In figure 4a we show a chair display with the horizon slice from coherence and correlated with the vertical seismic section.

Notice the prominent reef feature on the coherence and the drape of the seismic reflections over it – the most-positive curvature (figure 4b) defines the mound and corresponds to the edges of the reef clearly.

Thus, a clear understanding of the effects of differential compaction can facilitate the rapid interpretation of otherwise subtle, and perhaps otherwise overlooked geological features of interest.

We thank Arcis Seismic Solutions for encouraging this work and for permission to present these results. 

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Geophysical Corner

Geophysical Corner - Satinder Chopra
Satinder Chopra, award-winning chief geophysicist (reservoir), at Arcis Seismic Solutions, Calgary, Canada, and a past AAPG-SEG Joint Distinguished Lecturer began serving as the editor of the Geophysical Corner column in 2012.

Geophysical Corner - Rob Vestrum

Rob Vestrum is chief geophysicist at Thrust Belt Imaging, Calgary, Alberta, Canada.

Geophysical Corner - Kurt Marfurt
AAPG member Kurt J. Marfurt is with the University of Oklahoma, Norman, Okla.

Geophysical Corner - Ritesh Kumar Sharma

Ritesh Kumar Sharma is with Arcis Seismic Solutions, Calgary, Canada.

Geophysical Corner

The Geophysical Corner is a regular column in the EXPLORER that features geophysical case studies, techniques and application to the petroleum industry.

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Sequence stratigraphy and coal cycles based on accommodation trends were investigated in the coal-bearing Lower Cretaceous Mannville Group in the Lloydminster heavy oil field, eastern Alberta. The study area is in a low accommodation setting on the cratonic margin of the Western Canada sedimentary basin. Geophysical log correlation of coal seams, shoreface facies, and the identification of incised valleys has produced a sequence-stratigraphic framework for petrographic data from 3 cored and 115 geophysical-logged wells. Maceral analysis, telovitrinite reflectance, and fluorescence measurements were taken from a total of 206 samples. Three terrestrial depositional environments were interpreted from the petrographic data: ombrotrophic mire coal, limnotelmatic mire coal, and carbonaceous shale horizons. Accommodation-based coal (wetting- and drying-upward) cycles represent trends in depositional environment shifts, and these cycles were used to investigate the development and preservation of the coal seams across the study area.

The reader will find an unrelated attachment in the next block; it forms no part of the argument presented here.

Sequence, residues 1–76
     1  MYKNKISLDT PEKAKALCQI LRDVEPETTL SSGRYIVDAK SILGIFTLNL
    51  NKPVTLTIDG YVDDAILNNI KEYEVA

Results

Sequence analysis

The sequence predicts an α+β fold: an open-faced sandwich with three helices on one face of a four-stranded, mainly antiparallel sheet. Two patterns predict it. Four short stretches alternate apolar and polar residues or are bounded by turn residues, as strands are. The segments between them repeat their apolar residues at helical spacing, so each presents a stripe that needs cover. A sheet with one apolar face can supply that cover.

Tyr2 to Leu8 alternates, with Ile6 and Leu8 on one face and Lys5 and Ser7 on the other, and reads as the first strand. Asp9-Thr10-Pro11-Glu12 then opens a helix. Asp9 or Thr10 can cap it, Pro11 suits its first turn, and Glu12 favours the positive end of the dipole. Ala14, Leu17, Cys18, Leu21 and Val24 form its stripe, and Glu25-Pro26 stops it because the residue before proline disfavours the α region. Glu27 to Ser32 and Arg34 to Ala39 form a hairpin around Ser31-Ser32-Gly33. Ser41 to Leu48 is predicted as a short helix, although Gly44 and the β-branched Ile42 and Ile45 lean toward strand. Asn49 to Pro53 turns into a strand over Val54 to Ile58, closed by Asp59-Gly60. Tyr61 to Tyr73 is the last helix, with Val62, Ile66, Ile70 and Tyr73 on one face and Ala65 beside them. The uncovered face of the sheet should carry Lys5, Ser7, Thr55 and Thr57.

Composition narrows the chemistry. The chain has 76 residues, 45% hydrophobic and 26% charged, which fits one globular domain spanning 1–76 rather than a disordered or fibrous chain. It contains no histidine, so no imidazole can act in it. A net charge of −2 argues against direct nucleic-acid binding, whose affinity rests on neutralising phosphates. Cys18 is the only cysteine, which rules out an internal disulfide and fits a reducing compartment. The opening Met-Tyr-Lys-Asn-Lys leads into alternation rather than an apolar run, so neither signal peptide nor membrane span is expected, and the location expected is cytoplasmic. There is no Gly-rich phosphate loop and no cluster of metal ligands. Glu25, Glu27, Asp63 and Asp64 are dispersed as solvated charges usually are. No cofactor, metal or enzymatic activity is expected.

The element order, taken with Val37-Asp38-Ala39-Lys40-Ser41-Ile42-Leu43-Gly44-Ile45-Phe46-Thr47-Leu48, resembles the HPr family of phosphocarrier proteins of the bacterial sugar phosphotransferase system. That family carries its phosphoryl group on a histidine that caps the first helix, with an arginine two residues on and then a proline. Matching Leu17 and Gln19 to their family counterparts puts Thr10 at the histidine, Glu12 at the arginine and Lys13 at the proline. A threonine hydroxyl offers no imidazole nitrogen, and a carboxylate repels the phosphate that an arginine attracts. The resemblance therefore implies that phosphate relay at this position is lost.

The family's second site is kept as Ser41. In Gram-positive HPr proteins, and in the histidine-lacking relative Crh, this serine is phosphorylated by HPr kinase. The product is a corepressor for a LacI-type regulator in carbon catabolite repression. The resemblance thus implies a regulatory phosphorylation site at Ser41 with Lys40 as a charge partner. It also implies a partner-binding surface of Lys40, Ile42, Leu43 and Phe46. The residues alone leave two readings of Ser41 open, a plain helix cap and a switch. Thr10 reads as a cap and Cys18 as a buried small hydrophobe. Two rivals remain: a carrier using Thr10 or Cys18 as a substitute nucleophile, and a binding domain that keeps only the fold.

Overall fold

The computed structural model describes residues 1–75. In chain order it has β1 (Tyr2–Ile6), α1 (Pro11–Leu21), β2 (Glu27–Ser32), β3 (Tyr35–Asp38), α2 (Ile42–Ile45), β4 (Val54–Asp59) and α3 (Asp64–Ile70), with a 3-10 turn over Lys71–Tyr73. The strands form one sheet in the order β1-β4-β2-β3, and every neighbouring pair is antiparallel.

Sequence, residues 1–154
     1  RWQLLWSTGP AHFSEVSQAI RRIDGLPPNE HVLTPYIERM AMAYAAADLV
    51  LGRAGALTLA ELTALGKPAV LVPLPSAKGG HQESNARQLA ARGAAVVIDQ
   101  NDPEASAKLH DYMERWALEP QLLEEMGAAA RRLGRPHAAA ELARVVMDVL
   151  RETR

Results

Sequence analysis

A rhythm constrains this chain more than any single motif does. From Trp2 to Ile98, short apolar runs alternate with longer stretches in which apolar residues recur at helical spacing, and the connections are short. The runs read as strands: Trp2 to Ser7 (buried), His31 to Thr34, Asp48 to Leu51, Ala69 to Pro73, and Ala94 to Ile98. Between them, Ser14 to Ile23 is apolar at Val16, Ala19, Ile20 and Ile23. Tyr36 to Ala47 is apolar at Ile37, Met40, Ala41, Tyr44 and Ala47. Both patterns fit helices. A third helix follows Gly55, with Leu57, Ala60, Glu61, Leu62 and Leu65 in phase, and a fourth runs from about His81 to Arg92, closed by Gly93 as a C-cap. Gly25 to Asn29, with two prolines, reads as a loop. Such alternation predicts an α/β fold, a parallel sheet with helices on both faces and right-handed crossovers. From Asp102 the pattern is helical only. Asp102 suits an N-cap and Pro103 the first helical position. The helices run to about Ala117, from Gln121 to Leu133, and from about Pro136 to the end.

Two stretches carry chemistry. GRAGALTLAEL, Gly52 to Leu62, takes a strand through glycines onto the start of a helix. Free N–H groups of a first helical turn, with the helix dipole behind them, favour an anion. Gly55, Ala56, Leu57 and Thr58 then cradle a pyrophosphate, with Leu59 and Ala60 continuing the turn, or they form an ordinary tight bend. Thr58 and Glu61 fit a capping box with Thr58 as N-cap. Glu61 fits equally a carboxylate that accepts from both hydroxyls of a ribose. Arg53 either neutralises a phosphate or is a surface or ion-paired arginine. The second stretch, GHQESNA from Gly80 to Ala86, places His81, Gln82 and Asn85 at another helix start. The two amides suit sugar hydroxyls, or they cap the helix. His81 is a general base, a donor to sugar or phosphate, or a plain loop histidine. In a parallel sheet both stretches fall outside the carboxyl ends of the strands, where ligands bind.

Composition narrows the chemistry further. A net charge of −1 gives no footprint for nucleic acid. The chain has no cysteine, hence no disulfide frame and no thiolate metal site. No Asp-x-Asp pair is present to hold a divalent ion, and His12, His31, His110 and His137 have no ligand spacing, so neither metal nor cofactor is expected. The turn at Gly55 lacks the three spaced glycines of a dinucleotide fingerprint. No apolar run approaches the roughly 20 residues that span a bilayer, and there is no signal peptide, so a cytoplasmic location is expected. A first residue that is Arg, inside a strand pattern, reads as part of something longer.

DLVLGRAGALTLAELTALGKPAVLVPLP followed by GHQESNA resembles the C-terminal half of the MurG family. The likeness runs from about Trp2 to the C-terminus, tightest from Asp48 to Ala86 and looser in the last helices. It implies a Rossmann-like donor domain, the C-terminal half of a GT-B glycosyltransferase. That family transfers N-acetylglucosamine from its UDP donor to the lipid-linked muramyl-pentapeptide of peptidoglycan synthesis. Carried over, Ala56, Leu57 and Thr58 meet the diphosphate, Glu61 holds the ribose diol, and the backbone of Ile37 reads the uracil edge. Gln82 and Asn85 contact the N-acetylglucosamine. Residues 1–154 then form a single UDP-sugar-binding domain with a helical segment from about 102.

The low-accommodation strata are characterized by a high-frequency occurrence of significant surfaces, coal seam splitting, paleosol, and incised-valley development. Three sequence boundary unconformities are identified in only 20 m (66 ft) of strata. Coal cycle correlations illustrate that each coal seam in this study area was not produced by a single peat-accumulation episode but as an amalgamation of a series of depositional events. Complex relations between the Cummings and Lloydminster coal seams are caused by the lateral fragmentation of strata resulting from the removal of sediment by subaerial erosion or periods of nondeposition. Syndepositional faulting of the underlying basement rock changed local accommodation space and increased the complexity of the coal cycle development.

This study represents a low-accommodation example from a spectrum of stratigraphic studies that have been used to establish a terrestrial sequence-stratigraphic model. The frequency of changes in coal seam quality is an important control on methane distribution within coalbed methane reservoirs and resource calculations in coal mining. A depositional model based on the coal cycle correlations, as shown by this study, can provide coal quality prediction for coalbed methane exploration, reservoir completions, and coal mining.